29.01.2015 Author: Natalya Zamarayeva

Pakistan and India: the Tension Grows

P56464633333Islamabad and New Delhi marked the new year of 2015 with regular Pakistani-Indian cross-border skirmishes, both on the Line of Control, and in certain sectors of the Working Border. The clashes have intensified in late December 2014, and the confrontation only increases with time. There are casualties on both sides, both among border troops and civilians.

The Chief of Staff of the Pakistani Army in January 2015 has repeatedly stated that there was unprovoked firing by the Indian Border Security Force (BSF) using heavy weapons in various sectors of the LOC. It was stressed that the Pakistani Rangers opened fire strictly for defensive purposes.

Condemning the actions of the Indian BSF, Pakistan’s Foreign Ministry has repeatedly expressed strong protest to the Government of India.    The Adviser to the Prime Minister on National Security and Foreign Affairs A. Aziz sent a letter to the Minister of Foreign Affairs of India to investigate the circumstances under which two Pakistani Rangers were killed, conduct an impartial investigation, and bring those guilty of committing this crime to justice in order to maintain peace and tranquility.

The main accusation of the Indian side, which amounts to the characterization of Pakistan as the “main stream of terrorism”, in turn has been completely refuted by Islamabad.

Border clashes have intensified in recent months, burying hopes by the head of the federal government of Pakistan Nawaz Sharif of improving relations with India after the election in May 2014 of Prime Minister Narendra Modi.

It all started nicely. Then in May 2014, at the invitation of the Indian Government, the Pakistani Prime Minister Nawaz Sharif flew to New Delhi for the inauguration of his colleague in New Delhi. One of the Islamabad’s “gifts” was the release of several dozen Indian fishermen detained in Pakistani prisons. Later, the parties agreed to resume negotiations initially through the Ministries of Foreign Affairs. The date was set – August 25, 2014. At the last minute the Indian side “without explanation” (according to Islamabad) unilaterally canceled the meeting.

The precedent for New Delhi’s rejection of negotiations was the meeting of the High Commissioner of Pakistan in India Abdul Basit with the leaders of Kashmir.    These events took place against a background of sporadic skirmishes on the Pakistani-Indian border in Kashmir.

In September 2014 at the UN General Assembly Nawaz Sharif once again, as in the 1990s, called for a solution to the Kashmir crisis according to UN resolutions.

The former ruling (2008-2013) party, the Pakistan People’s Party (PPP) avoided raising the Kashmir issue as a priority in the dialog with New Delhi. On the contrary, in 2011-2012, it called to “freeze” it and resolve some technical issues – visa issues (providing an expedited visa regime for certain categories of citizens of both countries), transport issues (bus routes in Kashmir), and several others. There was a specific reason for this – many issues had gone unsolved for years.

Having come to power in Pakistan in May 2013, the administration of Nawaz Sharif called this course “ineffective” and began to discuss the Kashmir issue.  In September 2014 at the UN General Assembly the head of Pakistan again called on the world community to implement the resolutions of the UN in this area.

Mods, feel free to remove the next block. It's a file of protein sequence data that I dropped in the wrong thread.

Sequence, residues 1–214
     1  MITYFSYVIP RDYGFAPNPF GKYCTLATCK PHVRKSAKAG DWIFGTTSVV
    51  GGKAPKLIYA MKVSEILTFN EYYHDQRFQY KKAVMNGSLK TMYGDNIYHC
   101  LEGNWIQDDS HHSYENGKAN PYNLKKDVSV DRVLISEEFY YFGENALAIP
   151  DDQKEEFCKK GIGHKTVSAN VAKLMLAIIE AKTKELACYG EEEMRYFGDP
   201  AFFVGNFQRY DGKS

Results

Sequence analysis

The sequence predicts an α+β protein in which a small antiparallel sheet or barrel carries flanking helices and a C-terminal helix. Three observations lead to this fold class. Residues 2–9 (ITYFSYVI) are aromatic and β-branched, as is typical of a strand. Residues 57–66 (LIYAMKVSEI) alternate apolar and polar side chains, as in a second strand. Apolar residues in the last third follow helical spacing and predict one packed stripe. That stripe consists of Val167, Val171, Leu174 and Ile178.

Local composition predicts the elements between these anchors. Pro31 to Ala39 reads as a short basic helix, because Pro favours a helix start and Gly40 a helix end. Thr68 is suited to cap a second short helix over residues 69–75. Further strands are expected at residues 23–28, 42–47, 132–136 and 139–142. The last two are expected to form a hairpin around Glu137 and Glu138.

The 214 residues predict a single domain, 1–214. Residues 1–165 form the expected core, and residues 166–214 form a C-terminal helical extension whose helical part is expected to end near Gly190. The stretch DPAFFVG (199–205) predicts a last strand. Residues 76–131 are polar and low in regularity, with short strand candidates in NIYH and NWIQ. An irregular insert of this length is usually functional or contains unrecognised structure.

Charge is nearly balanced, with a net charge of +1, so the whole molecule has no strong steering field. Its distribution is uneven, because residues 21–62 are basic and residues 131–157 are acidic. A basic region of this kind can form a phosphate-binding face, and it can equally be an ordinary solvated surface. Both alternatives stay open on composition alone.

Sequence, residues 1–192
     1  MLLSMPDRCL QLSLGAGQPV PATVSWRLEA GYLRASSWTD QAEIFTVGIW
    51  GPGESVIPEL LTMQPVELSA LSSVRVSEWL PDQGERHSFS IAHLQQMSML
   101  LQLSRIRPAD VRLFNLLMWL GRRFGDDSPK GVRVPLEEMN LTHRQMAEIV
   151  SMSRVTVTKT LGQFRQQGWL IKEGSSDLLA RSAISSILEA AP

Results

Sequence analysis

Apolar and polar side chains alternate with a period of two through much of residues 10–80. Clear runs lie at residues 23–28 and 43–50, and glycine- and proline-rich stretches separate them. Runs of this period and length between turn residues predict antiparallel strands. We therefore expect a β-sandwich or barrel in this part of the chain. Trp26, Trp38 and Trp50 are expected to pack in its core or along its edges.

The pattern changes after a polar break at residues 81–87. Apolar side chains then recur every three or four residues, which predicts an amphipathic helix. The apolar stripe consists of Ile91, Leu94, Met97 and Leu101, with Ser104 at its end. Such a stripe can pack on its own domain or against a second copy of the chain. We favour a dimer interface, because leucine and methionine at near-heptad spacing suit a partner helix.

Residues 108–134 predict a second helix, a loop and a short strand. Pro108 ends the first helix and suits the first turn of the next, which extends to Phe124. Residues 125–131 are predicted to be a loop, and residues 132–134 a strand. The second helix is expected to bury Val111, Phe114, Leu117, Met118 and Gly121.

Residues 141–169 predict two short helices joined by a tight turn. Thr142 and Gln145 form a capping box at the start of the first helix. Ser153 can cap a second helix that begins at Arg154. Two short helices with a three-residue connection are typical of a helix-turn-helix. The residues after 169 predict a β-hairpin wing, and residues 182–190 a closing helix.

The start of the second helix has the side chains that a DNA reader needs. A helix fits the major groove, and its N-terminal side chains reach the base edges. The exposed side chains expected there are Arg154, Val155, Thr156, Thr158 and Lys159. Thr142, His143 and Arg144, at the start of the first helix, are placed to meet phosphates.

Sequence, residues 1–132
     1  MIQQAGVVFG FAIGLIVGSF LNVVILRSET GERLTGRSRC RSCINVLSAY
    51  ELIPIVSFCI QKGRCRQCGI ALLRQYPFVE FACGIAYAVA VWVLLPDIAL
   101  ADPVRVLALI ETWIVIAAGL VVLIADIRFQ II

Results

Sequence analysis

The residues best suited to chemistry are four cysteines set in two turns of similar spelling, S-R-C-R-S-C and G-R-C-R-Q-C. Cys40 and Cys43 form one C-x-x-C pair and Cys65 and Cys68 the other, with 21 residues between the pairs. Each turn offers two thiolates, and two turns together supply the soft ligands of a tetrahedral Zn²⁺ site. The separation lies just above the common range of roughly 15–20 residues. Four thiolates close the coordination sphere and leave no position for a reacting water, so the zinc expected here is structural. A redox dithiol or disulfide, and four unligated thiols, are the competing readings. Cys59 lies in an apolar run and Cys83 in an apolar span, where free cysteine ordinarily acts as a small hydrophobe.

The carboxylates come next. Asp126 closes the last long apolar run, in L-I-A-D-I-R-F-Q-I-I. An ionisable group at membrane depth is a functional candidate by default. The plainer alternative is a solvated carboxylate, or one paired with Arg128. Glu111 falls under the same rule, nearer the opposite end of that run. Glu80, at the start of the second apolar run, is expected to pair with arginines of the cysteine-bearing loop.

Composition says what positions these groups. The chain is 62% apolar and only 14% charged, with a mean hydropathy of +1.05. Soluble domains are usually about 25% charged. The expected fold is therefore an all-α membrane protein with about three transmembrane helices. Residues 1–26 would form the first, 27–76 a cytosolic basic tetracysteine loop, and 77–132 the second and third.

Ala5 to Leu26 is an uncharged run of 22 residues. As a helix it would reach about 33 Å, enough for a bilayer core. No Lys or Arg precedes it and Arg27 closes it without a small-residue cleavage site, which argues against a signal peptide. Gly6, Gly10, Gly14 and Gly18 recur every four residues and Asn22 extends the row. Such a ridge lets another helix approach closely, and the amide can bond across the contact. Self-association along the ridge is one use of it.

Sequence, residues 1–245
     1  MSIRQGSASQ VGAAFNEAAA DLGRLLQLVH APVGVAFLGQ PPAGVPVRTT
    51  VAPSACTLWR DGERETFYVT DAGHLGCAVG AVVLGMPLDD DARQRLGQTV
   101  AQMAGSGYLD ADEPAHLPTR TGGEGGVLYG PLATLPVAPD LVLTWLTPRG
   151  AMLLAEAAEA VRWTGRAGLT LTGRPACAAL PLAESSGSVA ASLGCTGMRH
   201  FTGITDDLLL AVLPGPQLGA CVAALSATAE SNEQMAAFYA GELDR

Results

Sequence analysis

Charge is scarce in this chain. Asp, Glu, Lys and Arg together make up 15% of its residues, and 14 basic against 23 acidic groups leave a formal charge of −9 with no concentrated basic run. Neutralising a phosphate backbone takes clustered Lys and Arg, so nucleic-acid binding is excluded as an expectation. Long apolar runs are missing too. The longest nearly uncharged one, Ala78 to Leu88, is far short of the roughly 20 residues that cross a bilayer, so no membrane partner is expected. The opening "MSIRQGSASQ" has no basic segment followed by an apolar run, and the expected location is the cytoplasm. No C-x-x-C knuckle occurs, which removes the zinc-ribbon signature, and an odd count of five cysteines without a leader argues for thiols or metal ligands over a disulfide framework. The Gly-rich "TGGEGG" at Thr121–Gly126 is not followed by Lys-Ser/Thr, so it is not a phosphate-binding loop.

Despite the claims of the Chief of Army Staff of Pakistan General R. Sharif, that the federal army is able to adequately and promptly respond to internal and external threats, the army was trying to avoid direct armed conflict with India. The large-scale military operation to eliminate insurgents in the northwest of the country in a number of agencies of the Federally Administered Tribal Areas (FATA) on the border with Afghanistan has involved large troop movements and heavy military equipment.  Unlike previous years, in 2014 the army decided to continue the military operation in North Waziristan in the winter period (2014-2015).     A military campaign on the eastern frontier, in the direction of India would require significant material, financial, and other resources, a redeployment of troops, etc. The army could not afford it.

In order to reduce tension, Islamabad has taken a number of diplomatic initiatives, drawing international public attention to the “peaceful” settlement of the Kashmir crisis. This has had a definite short-term effect.

Despite the broad unfolding in Pakistan of an anti-terrorism campaign involving many civil state institutions and the federal army, the general staff has already started talking about the developed plan for the return of internally displaced persons (about one million) to the tribal areas. This is confirmed by the imminent completion of the military operation of the federal army in the FATA, which will free up the necessary resources for its efforts on the eastern border.

It appears that a significant role in the reconciliation, or rather, in the temporary reduction of tensions in the Pakistani-Indian conflict, may be played by China.   Positioning itself as a regional stabilizing force, it is making a turn towards the development and strengthening of strategic cooperation with regional powers (including, in particular, the settlement of a number of issues with India) and with partners in international economic alliances.

Natalya Zamaraeva, Ph.D., Senior Research Fellow, Pakistan Institute for Near-East Studies, exclusively for the online magazine “New Eastern Outlook”.


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